Still, despite my many disagreements with The Power of Nightmares, which sometimes has the feel of a Noam Chomsky lecture channeled by Monty Python, it is a richly rewarding film because it treats its audience as adults capable of following complex arguments. This is a vision of the audience that has been almost entirely abandoned in the executive suites of American television networks. It would be refreshing if one of those executives took a chance on The Power of Nightmares. After all, its American counterpart, Fahrenheit 9/11, earned more money than any documentary in history. And what Curtis has to say is a helluva lot more interesting than what Michael Moore had to say.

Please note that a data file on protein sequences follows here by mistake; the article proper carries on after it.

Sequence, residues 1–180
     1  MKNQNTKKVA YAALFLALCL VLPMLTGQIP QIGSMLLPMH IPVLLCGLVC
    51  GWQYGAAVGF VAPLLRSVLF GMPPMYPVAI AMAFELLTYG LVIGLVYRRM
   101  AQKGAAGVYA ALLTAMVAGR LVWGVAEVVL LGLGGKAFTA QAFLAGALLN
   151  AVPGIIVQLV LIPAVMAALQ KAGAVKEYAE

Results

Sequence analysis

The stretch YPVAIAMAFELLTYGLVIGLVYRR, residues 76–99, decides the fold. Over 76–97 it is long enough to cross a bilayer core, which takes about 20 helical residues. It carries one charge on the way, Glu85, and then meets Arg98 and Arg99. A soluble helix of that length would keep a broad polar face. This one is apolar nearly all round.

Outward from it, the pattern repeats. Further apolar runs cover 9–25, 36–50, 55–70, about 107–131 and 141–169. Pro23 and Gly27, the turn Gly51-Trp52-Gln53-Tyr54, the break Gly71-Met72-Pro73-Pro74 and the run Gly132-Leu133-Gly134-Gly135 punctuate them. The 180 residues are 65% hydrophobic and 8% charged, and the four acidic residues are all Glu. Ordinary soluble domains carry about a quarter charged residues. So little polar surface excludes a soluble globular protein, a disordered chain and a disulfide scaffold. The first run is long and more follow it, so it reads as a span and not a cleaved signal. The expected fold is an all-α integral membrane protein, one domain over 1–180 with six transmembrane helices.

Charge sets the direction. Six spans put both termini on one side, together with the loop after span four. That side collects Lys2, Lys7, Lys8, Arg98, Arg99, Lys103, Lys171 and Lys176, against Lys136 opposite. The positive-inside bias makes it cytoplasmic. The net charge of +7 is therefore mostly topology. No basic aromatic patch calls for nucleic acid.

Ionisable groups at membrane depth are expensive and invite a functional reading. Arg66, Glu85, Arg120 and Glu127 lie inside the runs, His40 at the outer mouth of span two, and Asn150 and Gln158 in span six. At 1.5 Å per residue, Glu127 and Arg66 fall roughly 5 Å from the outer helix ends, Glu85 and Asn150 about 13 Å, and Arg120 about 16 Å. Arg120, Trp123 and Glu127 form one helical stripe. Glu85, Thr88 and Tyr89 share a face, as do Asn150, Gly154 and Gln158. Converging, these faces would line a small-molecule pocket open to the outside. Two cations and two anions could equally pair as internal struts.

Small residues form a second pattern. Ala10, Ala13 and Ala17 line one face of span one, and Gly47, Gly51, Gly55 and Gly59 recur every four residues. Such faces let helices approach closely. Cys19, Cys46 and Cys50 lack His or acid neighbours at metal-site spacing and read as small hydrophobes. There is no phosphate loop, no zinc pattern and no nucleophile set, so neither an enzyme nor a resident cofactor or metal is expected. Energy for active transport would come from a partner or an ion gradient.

So there's one for the sidebar, anyway.
Also from The Nation Naomi Klein argues for a resource-oriented nationalism, the cooler son Christian Parenti reports from Bolivia (see also Blog From Bolivia for astute commentary), and Gore Vidal a bit belatedly finds an avenue to stroll his aptest phrase.
Moving on to more important matters, Mr. Iyer has a poetic review at the Brit-centric, semi-Blanchodian ReadySteadyBook, one whose central trope struck me as a rather deft turn on the Enlightenment-light language contaminating even Bary Lopez.
The standards-bearing US literary weblog The Elegant Variation carries a guest review of Chicano Sketches by Daniel Olivas.
Golden Rule Jones visits "the lot" of English bookshops in Paris and The Literary Saloon continues to review everything under the stars.